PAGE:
While other cities have not seen the pandemonium surrounding the games that Britain's capital has, the Olympic buzz has extended to other cities, thanks to the football tournament being held in other parts of the country — Manchester, Glasgow, Newcastle, Coventry and Cardiff.
Officials have done their utmost to showcase their cities and create atmosphere, putting up jumbotrons and Olympic banners in iconic areas so people feel part of the London Games. In Manchester, one large screen is set up in Exchange Square on the facade of the Corn Exchange, a building damaged in a huge 1996 IRA bombing that devastated the city's main commercial area for years.
Natalie Mudie, a 29-year-old teacher, doesn't believe being far removed from the main Olympic events makes residents feel disconnected from the London Games, especially since some of Britain's athletes hail from the region. She's noticed many people coming out on their lunch breaks to watch events in the square on several rows of long, semicircular stone slabs. Some huddled under umbrellas.
"It's nice having the big screens," she said Thursday as she watched women's judo. "It gets everyone involved."
Mudie, who is British but grew up in Flemington, New Jersey, before moving to Manchester seven years ago, also watched the British men's rowing team take bronze the previous day.
"It was a really good atmosphere at yesterday's rowing. People were cheering and shouting," she said. "We have a lot of northerners at the Olympics, so there's a lot of support."
Sitting a few rows in front of her, 75-year-old retiree Robert Bill, said "there's a little bit of a feeling of being disconnected from the Olympics, but out here there's a good atmosphere."
Bill said he normally watches the Olympics at home, but his wife wanted to come downtown to buy shoes, so he decided to watch on the jumbotron. A big cheer went up from the crowd when the British woman won the judo match.
A stall selling official London Games merchandise near the screen, however, didn't appear to be doing a brisk business. The kiosk's manager refused to comment when asked about sales.
The nearby National Football Museum, which opened in Manchester last month after moving from Preston, put up a large Olympic football icon on the front of the building. The museum appears to be benefiting from the hundreds of thousands of visitors who have come to watch matches at Old Trafford.
"We have only just opened so every day has been busy at the moment," museum marketing manager Philippa Duxbury told The Associated Press. "However, days when matches have been played do appear to have been particularly busy and we've definitely seen more international visitors in the museum, coinciding with the games at Old Trafford."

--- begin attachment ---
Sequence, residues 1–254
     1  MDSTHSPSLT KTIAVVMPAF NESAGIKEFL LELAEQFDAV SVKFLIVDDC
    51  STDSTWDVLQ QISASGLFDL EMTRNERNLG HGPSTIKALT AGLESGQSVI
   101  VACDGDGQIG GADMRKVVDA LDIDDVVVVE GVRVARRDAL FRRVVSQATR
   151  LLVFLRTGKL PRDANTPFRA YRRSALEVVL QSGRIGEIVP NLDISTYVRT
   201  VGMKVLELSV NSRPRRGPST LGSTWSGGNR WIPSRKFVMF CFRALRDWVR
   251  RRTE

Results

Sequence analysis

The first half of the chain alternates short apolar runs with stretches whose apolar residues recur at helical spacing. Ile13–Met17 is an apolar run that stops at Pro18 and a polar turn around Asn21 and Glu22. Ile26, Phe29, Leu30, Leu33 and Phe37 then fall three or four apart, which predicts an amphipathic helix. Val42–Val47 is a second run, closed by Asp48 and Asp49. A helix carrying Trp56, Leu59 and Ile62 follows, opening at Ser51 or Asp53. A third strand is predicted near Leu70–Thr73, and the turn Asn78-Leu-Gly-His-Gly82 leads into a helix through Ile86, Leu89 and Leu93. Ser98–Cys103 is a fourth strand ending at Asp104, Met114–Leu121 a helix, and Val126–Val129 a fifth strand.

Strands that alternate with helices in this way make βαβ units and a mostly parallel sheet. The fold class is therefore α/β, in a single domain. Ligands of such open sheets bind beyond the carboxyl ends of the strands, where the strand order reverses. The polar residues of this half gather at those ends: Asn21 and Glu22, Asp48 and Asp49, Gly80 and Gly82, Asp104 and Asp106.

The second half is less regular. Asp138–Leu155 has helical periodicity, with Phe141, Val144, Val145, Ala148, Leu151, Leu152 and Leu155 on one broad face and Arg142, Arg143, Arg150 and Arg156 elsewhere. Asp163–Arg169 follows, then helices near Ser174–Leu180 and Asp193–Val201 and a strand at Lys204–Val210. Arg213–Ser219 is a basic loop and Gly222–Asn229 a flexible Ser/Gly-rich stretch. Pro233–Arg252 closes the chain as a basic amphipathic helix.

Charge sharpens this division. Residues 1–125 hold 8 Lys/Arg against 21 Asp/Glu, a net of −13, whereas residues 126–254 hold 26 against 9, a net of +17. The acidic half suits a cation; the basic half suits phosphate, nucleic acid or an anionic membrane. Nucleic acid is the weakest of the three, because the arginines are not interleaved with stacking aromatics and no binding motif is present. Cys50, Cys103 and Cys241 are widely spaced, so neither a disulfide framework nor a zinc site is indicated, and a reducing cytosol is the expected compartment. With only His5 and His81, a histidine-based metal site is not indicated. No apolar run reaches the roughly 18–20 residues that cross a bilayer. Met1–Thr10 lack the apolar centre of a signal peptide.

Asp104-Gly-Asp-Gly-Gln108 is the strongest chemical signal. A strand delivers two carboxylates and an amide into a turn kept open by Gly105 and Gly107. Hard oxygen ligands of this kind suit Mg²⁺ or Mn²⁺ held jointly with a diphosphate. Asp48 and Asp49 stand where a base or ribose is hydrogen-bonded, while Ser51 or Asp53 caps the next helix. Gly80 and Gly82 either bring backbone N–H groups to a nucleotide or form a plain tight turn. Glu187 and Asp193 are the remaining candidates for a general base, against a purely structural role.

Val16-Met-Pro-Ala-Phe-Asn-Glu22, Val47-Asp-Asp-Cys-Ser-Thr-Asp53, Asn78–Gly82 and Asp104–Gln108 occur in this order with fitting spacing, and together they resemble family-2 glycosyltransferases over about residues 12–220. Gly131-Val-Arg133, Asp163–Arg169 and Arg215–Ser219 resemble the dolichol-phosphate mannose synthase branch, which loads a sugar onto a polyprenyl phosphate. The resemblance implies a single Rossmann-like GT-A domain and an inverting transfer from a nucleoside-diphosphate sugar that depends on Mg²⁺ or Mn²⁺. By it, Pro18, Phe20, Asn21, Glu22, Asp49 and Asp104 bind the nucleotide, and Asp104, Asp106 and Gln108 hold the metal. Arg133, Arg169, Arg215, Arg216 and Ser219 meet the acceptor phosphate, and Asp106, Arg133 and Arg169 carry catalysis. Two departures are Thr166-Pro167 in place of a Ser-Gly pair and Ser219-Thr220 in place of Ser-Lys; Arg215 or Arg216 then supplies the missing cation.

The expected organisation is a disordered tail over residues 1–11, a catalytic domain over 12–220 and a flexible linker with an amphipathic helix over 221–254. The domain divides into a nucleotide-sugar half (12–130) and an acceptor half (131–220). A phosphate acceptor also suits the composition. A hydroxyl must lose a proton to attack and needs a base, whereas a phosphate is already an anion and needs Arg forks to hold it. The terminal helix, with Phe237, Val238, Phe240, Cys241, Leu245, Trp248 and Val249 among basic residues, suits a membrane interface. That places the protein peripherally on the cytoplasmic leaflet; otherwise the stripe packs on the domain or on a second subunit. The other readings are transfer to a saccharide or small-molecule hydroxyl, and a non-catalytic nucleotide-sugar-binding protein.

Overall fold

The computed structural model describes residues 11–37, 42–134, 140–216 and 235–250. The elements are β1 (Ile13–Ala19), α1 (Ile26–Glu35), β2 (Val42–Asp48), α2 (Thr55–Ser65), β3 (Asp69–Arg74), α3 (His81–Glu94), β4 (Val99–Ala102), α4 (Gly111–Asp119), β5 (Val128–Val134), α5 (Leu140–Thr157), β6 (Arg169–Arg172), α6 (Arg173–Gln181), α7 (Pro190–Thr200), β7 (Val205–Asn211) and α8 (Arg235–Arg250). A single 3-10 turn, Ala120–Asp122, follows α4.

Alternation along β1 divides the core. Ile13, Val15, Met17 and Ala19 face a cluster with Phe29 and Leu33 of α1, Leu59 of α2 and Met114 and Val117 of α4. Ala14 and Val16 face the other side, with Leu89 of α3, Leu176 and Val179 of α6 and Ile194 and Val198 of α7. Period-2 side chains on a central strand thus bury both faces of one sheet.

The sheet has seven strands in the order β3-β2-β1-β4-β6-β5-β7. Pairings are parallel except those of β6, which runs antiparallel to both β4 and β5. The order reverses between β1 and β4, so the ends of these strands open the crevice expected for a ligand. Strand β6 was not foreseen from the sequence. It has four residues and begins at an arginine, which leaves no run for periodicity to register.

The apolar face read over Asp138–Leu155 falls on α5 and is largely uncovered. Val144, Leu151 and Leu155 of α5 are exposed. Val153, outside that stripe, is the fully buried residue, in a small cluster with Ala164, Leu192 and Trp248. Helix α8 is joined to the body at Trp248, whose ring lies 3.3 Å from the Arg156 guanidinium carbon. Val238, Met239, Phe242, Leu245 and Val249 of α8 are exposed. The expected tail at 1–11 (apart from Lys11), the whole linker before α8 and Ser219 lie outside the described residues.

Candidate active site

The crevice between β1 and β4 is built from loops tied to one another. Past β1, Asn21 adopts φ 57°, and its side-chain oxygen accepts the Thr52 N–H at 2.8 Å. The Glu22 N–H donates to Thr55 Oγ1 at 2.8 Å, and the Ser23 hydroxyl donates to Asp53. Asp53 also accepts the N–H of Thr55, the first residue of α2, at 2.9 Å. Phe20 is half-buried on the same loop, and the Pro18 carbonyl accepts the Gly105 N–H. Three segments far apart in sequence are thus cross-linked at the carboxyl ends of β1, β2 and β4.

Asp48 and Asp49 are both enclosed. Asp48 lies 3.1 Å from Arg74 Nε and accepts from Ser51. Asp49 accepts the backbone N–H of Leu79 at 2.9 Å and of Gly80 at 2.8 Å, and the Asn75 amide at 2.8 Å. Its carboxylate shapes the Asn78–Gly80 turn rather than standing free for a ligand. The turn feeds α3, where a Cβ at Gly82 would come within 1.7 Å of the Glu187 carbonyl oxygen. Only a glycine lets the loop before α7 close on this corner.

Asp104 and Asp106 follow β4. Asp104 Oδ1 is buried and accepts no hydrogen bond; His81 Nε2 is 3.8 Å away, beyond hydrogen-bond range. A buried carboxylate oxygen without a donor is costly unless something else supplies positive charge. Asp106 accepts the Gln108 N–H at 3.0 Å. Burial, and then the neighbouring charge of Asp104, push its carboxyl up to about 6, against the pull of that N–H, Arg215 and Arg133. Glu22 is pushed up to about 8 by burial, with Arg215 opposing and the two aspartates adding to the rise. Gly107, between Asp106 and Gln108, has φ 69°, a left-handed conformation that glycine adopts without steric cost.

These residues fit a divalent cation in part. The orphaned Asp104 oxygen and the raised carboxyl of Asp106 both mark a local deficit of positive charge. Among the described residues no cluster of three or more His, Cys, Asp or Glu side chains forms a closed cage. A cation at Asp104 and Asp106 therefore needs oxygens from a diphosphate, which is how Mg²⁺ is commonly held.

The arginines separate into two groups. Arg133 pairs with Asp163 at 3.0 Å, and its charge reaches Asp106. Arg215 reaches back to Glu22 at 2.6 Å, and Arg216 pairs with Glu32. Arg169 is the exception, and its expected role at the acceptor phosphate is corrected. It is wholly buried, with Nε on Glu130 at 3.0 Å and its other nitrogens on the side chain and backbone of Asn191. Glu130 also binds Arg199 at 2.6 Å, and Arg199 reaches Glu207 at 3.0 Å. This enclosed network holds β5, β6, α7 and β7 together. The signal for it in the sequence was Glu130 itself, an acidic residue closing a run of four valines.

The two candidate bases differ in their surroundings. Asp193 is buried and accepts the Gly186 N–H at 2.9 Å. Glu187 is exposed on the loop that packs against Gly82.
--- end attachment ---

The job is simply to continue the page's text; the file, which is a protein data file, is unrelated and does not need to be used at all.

She said the museum is looking to expand its collection of Olympic football items to add to the 1912 gold medal won by Arthur Berry, who played for Britain.
"We've got an Olympic buzz" headlined a report in the Manchester Evening News, according to which 5,000 people had flocked to Exchange Square to watch the opening ceremony on the big screen. The Manchester Chamber of Commerce estimates 30 million pounds ($46.6 million) will be injected into the local economy because of the football matches.
Foreign fans who have flowed in too to support their teams, adding to the buzz.
In Cardiff, hundreds of Brazilian fans took over St. Mary Street before the team's opening match against Egypt, dancing in the streets and bringing life to what normally would be a calm city centre on a Thursday afternoon.
Travelling supporters from other countries, including the U.S., Spain, Morocco and Japan, have added colour to the city — waving their countries' flags, blowing horns and wearing face paint.
Newcastle set up a screen right in front of Grey's Monument at the top of one of Britain's most scenic streets, and placed huge Olympic rings on the Tyne Bridge.
The co-host city furthest from London is Glasgow, about 640 kilometres (400 miles) north of the capital. There was less of a sense of Olympic fever there — especially since not a single player from Scotland was in Britain's football team. Nonetheless, a large screen was put up in the heart of Merchant City, and Olympic rings in the main George Square.
Fans from Japan, Sweden and South Korea have been among those who have flocked to Coventry to support their teams. Twelve games will be played there, including the women's bronze medal match on Aug. 9.
"There's definitely a buzz about the city," 21-year-old resident Kathryn Byrne said. "I am really excited. It's a great atmosphere in Coventry at the moment. People are really getting behind it ... People who wouldn't usually go to something like this are heading down to the arena."
Associated Press writers Tales Azzoni and Jeremy Last contributed to this report.